Abstract: This article assesses the use of capital punishment for drug trafficking and related crimes from a comparative perspective. Domestic narcotics legislation, as well as important drug trafficking cases in four Southeast Asian nations (Singapore, Malaysia, Indonesia, and Thailand) are examined in-depth and compared to the United States, which plays an important role in eradicating global drug-related problems. This article contends that the use of capital punishment is disproportionate to the gravity of drug-related offenses and that international drug control and enforcement treaties never suggested using such sanctions to deter crime. Fortunately, four Southeast Asian countries in this study, including Singapore, Malaysia, Indonesia and Thailand, currently realize this disproportionality and have become reluctant to carry out executions for drug trafficking; even though they continue to sentence a large number of drug-related offenders to death annually, they do not actually carry out these executions. Future research related to this topic is also recommended in this article.
Abstract: Food Standards Australia New Zealand (FSANZ) estimates that Australians experience 5.4 million incidents of food poisoning each year, making food safety a significant public health issue. This paper describes and analyses the importance placed by Australians on the role of the agencies and actors that regulate the safety and quality of food. A computer assisted telephone interviewing survey addressing aspect of food safety was administrated to a random sample of 1,109 participants across all Australian states (response rate 41.2%). Only 44.6% of participants viewed themonitoring of foodsafety and quality as ‘Very important’, with greatest significance placed upon personal monitoring (76.0%) and the role of the Federal government (51.1%). The media (22.5%) and local council (32.4%) were viewed as the least important agents. When data were combined to create an index of general monitoring, participants under 30; respondents in outer regional areas; and men identified food monitoring as less important; while respondents from households with 5 or more members viewed food monitoring as more important than respondents from smaller households.
Abstract: This contribution lays bare the structure of EU food law as it appears from scholarly analysis at Wageningen University in the Netherlands. The structure of EU food law can be used as a framework for teaching, application, further analysis and comparison to food law approaches in other parts of the world. From this analysis, food law emerges as a functional area of law. Core elements are: (1) the objectives of EU food law to protect consumers’ interests; (2) the principles of risk analysis and precaution; (3) obligations on businesses regarding the products they place on the market, the processes they apply and their communication towards consumers; and (4) public powers of law enforcement and incident management.
Abstract: In both Hawaiian and Tahitian, the central meaning of mahu denotes gender-variant individuals, particularly male-bodied persons who have a significant investment in femininity. However, in Hawai‘i, unlike Tahiti, the word mahu is now more commonly used as an insult against gay or transgender people. The negative connotation of the term in Hawaiian indexes lower levels of social acceptability for mahu identity on O‘ahu (Hawai‘i’s most populous island) as compared to Tahiti. The article argues that these differences are partly due to a historical legacy of sexually repressive laws. The article traces the history of sodomy laws in these two Polynesian societies and argues that this history supports the hypothesis that sodomy laws (in conjunction with such social processes as urbanisation and Christianisation) are partially to blame for the diminished social status of mahu on O‘ahu. A different social and legal history in Tahiti accounts for the fact that the loss of social status experienced by Tahitian mahu has been lesser than that of their Hawaiian counterparts.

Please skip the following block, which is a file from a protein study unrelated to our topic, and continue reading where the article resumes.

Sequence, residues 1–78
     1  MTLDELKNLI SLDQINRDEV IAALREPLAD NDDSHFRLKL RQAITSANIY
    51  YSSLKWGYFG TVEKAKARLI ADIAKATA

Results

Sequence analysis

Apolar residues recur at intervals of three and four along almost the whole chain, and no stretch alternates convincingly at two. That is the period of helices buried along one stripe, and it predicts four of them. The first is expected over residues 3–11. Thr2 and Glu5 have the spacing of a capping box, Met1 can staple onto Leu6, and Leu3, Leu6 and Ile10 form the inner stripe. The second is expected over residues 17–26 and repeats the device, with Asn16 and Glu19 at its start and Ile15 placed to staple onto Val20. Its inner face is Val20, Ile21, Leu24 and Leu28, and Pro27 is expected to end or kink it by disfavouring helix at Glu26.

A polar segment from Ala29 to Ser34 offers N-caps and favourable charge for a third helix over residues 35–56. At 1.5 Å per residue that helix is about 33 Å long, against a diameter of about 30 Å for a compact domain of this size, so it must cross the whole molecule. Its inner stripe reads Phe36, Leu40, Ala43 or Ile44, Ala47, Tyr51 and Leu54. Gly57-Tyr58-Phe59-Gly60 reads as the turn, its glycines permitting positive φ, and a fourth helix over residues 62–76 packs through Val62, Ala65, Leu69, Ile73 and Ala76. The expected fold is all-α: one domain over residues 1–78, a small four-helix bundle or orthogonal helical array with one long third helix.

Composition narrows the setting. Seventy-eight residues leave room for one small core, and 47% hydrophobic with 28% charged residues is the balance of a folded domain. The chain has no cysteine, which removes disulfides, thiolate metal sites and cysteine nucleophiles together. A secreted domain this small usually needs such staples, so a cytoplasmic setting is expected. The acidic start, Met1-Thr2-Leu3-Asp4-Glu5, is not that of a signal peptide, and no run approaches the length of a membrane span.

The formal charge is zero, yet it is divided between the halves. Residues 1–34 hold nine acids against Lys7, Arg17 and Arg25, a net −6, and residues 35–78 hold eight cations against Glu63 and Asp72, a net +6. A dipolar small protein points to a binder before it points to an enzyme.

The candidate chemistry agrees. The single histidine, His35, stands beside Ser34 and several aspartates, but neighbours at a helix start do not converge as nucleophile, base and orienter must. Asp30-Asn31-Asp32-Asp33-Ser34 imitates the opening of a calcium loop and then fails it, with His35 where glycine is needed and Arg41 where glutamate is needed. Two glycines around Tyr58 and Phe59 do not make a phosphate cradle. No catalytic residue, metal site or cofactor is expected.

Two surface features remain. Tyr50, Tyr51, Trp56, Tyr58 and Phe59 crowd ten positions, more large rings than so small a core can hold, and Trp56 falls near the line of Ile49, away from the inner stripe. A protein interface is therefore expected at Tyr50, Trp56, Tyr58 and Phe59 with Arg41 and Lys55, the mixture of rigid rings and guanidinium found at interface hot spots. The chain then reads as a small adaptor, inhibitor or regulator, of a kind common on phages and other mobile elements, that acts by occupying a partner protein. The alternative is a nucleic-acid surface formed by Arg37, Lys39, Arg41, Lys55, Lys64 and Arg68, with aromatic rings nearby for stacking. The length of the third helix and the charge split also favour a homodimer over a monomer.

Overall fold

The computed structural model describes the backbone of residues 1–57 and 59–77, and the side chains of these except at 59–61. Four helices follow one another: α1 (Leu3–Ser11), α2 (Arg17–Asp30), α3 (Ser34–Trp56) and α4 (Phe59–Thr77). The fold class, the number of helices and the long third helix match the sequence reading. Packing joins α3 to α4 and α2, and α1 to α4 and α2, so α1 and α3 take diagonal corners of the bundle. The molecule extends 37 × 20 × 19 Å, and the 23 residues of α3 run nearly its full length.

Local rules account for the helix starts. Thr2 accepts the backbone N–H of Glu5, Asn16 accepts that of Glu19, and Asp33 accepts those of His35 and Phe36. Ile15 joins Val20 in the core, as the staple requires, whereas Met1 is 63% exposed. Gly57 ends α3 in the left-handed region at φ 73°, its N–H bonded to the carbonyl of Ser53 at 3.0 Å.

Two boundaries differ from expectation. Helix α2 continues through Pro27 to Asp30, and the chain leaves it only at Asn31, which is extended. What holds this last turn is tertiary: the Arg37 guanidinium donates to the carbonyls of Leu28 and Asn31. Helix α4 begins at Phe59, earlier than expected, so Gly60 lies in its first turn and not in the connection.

Abstract: This paper reviews death penalty perspectives from the United States, Mexico and international law. The United States practices the death penalty on not only its citizens, but those of other nations who commit capital crimes. Mexico is a death penalty abolitionist state that takes significant issue with the United States over executing Mexican nationals. The paper analyzes the cultural, legal and political conflict between the two countries surrounding the application of the death penalty on Mexican nationals.
Abstract: This study investigated school discipline infractions leading to suspensions and expulsions in Louisiana to determine patterns and trends, particularly among racial/ethnic groups. Discipline incident data rather than student discipline data were used to provide a more accurate reflection of the number of infractions and dispositions occurring. Findings included that black students and American Indian students had a higher percentage of out-of-school suspensions and were more likely to commit an infraction in the violent discipline infractions category, but the overwhelming majority of offenses for all groups were for non-violent and non-drug offenses. Links to juvenile delinquency and zero tolerance policies are discussed.